I am guessing here, but I suspect that the vast majority of football watchers don’t often watch whole games, making do instead with recorded highlights on Match of the Day or various Youtube compilations. When much of the tedious dross is edited out, football comes alive with end to end stuff, goalmouth action a plenty, tantalising and sumptuous moments of artistry and wonder goals repeated endlessly and from all angles. They all look good on the telly, unless of course it is the turn of some hapless defender to have his limitations cruelly exposed by the forensic unpleasantness of a bitter analyst blessed with hindsight, technology and supported by full blown media bias. There will be few regular and actual game-going supporters who haven’t experienced the frustration of seeing their own attackers huff and puff impotently for ninety minutes that afternoon, only to catch Match of the Day later that evening and see a United or City star pirouette on a sixpence before dispatching it venomously into the top corner. And if you have had a couple by then and your reason and your judgment are momentarily suspended, it’s hard not to at least imagine what it would be like to have him leading the line for you next week. Infidelity, you see, is born out of over-exposure to the commonplace and a momentary glimpse of the exotic.
The problem with this World Cup is that the exotic has become commonplace and the likes of Darren Gough, not to mention many teenage boys, are having to watch whole games in their essentially dull entirety, perhaps for the very first time. Watching Messi being shackled by Johan Djouru for two hours is a little like (and I’m guessing here, Your Honour) watching Linda Lovelace condemned to a perpetual diet of lukewarm and unseasoned Shepherds’ Pie. It is, at best, a disappointment. And I wonder too if this isn’t the problem with people’s perception of Mesut Ozil . When he signed for The Arsenal I wonder how many had watched him play that often, or whether they just remembered flashes of brilliance from Bloemfontein and countless effortless assists in various “Ronaldo’s Greatest Goals” compilations. His first few Arsenal matches were like that too: a beyond brilliant assist for Giroud, a wonder strike against Napoli, a brace to see off Norwich. This was pornography made real and all that golden autumn we were drowning, stingless, in honey- bliss was it indeed in that dawn to be an Arsenal fan. It didn’t last, of course – or rather, it didn’t last quite like that. The everydayness of things all too soon kicked in, and shamefully the fans got used to his brilliance and no longer noticed when he had done something quite exceptional. Unless every touch turned to gold immediately, he was no longer accorded special status and all too soon he became merely human and nothing like his Youtube alter ego: just another ordinary player, in fact.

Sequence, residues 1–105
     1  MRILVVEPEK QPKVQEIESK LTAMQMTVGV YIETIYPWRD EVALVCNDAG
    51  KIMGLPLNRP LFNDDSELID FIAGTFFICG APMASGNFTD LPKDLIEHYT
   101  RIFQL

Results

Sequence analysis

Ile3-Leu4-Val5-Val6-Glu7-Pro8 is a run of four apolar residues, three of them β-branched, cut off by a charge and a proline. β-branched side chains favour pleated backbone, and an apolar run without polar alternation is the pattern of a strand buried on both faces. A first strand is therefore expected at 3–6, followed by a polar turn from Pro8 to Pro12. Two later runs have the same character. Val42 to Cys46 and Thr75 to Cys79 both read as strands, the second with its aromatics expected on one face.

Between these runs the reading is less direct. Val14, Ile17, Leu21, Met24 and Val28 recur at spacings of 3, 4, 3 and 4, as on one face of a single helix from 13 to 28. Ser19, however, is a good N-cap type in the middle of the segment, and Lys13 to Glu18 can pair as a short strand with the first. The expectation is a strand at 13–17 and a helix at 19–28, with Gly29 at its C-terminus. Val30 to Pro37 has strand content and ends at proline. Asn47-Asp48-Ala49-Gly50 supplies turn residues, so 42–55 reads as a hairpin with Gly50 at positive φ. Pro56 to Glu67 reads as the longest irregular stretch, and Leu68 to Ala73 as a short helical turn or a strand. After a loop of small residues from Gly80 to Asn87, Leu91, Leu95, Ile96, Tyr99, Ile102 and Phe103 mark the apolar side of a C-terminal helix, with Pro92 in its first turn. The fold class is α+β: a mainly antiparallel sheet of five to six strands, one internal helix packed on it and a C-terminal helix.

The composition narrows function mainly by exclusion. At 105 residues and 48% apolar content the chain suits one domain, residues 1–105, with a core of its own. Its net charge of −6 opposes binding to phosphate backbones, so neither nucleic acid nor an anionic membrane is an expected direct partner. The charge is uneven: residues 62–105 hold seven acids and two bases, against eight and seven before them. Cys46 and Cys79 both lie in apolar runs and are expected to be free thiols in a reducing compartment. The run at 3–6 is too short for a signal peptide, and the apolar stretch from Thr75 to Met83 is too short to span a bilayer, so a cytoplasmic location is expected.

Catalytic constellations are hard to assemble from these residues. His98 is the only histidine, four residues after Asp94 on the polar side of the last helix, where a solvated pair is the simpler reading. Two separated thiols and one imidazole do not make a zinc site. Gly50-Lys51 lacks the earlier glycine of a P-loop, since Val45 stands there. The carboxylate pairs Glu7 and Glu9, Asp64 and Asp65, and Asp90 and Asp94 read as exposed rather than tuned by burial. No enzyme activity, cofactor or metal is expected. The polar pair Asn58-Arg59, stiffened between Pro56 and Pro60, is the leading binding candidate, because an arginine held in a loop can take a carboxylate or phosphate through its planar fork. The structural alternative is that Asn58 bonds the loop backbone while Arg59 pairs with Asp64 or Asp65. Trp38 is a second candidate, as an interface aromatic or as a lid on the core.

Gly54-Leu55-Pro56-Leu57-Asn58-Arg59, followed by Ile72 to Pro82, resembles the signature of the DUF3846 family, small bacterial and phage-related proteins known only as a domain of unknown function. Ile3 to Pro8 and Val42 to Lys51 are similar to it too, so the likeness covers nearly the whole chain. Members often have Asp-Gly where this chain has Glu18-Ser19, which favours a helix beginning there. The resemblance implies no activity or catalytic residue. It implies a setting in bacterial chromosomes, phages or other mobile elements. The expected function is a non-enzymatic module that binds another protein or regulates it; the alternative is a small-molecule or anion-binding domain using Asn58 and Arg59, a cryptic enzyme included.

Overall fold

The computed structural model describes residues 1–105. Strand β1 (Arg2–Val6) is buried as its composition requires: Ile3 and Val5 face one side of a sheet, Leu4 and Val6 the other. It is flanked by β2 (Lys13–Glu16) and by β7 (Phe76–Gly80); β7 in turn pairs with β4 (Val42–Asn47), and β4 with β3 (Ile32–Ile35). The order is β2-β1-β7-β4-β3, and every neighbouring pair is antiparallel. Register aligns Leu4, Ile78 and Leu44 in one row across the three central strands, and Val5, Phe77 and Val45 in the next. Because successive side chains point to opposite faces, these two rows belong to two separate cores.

Except Mesut Ozil is not just another player, just as Lionel Messi is not having an ordinary tournament. Games are not twenty minutes long (football has yet to go down cricket’s route and pander to today’s short attention spans, although I suspect it is only a matter of time before that happens) and the proof of a player is his contribution over the whole game. It is no surprise that Messi and Ozil made their recent match winning moves deep into injury time, just as it was no coincidence that The Arsenal’s player of the season, Aaron Ramsey, scored the winning goal in the Cup Final long after most had cried enough. Cream rises to the top, they say, and so too do great Sportsmen, and if they think it is worth playing until the final whistle is blown then perhaps the pundits might also try concentrating for long enough to see what is really going on. Not every move they make will come off, not every shot will score, and for much of the time we should expect them to be shackled – after all, it would be almost match-fixingly strange if tactics were not drawn up to nullify the most dangerous players – but rest assured, class will out and they will find a way, and that is why they are, as Arsene would say, top, top quality, and why I am looking forward to seeing them play again this weekend.